Steve Dix...Comedian?

Raptus Regaliter

It's not just the times, it's the species.


23.02.2008 22:05 - Howto : Washing-up

Gentlemen,

It has come to my notice today that many of you may not understand this simple task. I've deduced this by the amount of filthy mugs in the kitchen.

Many of you may be familiar with the concepts of multi-tasking in a pre-emptive operating system. You may be surprised to find that washing-up also conforms to this model.

Think of it in the following way.

The coffee-machine is a device which also processes requests for coffee. The Coffee-machine often requires maintenance from a user process (ie YOU) and will perform an interrupt (the "clean-me" interrupt, the "give me more beans" interrupt, the "fill my tank" interrupt, and, most importantly, the "get rid of the shit that's bunging me up" interrupt).

To gain coffee, the user process has to provide information as part of the coffee request. The user process must also provide a container into which the coffee will be delivered.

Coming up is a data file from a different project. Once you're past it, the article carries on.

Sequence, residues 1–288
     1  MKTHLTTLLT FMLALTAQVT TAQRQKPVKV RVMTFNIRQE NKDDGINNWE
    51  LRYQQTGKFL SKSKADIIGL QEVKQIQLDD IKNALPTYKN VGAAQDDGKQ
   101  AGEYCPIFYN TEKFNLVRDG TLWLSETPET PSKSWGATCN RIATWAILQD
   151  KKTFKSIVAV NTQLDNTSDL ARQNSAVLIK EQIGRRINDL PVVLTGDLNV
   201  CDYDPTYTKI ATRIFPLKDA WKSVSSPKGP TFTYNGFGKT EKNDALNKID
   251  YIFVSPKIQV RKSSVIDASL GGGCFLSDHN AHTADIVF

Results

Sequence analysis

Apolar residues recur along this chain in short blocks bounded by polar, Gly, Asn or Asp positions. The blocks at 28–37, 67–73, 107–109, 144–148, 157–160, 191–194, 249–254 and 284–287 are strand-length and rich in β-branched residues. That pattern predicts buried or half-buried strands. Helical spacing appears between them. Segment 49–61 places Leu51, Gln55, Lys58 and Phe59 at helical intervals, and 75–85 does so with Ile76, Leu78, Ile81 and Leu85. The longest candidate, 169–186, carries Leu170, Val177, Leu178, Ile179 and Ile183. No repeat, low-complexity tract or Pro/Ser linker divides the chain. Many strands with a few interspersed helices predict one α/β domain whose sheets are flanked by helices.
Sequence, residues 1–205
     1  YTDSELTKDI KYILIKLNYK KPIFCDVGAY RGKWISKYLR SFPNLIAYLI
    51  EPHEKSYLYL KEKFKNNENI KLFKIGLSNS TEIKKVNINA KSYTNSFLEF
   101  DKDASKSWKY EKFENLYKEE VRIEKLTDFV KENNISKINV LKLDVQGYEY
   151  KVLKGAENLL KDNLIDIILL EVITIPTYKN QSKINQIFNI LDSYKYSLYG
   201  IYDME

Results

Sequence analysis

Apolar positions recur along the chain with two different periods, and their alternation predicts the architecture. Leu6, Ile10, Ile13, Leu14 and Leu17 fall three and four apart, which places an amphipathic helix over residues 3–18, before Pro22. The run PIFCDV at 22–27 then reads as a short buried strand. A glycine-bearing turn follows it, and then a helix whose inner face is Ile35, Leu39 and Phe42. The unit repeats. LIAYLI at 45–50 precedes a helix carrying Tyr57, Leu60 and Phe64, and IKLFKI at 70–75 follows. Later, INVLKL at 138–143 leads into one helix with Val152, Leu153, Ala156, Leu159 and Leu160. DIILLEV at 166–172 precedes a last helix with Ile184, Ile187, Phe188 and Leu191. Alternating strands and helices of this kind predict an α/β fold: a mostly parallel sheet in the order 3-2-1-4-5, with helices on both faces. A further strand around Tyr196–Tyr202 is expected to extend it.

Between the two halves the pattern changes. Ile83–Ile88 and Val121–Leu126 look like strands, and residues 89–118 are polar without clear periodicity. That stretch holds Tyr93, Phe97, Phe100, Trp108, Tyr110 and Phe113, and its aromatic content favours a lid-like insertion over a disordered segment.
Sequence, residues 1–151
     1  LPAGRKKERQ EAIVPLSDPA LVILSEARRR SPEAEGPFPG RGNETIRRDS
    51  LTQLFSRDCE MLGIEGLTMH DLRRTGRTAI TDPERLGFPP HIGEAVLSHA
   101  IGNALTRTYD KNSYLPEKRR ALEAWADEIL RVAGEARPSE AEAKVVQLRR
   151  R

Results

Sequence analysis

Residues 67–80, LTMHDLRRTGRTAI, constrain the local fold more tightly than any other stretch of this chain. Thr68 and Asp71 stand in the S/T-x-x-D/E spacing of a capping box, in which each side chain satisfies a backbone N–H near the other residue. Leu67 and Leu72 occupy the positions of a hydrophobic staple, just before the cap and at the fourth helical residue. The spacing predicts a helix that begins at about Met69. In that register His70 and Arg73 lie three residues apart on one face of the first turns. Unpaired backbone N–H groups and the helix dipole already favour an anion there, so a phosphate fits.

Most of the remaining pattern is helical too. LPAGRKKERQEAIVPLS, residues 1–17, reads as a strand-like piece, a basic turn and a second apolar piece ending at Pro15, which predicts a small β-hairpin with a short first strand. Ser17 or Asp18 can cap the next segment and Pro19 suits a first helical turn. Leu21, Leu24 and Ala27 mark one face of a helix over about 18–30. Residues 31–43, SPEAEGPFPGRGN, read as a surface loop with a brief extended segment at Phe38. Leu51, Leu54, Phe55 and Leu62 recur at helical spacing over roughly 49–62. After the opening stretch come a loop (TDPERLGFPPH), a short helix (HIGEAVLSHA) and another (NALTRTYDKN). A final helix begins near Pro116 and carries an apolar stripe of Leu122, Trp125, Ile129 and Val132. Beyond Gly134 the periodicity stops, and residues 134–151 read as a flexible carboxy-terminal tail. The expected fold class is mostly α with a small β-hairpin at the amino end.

Can you guess where these containers are processed?

That's right.

In the dishwasher.

So, the problem goes like this. Device 1, the coffee machine, requires Device 2, the dishwasher, to be regularly run, as there are only a finite amount of containers in the system. HOWEVER, device 2 has a fairly long process time, something like a hard drive or printer, but even longer. So, what happens? The containers need processing, and so they start to stack up. This is what we normally refer to as a "Process Bottleneck".

There is, however, a way round this, and that is to offload some of the processing of the containers to the user process. This means that the user takes control of a container, and instead of relinquishing it back into the system after one cycle, requests a further service from ANOTHER device.

This device is called "a sink", and is indirectly used in the processing of a coffee request. The sink device can be used to perform container re-initialisation, by adding water, and a small amount of detergent (don't go mad, a little goes a long way) which you can then cleanse the container in to remove all traces of coffee, or any other beverage. The container can then be dried using a dishcloth, and it is then re-initialised and ready for use again. You can also process any backlog of containers and place them in the white storage area above the sink device. Far from slowing the coffee process, this actually speeds up the system.

I hope this clears up any problems with this process.

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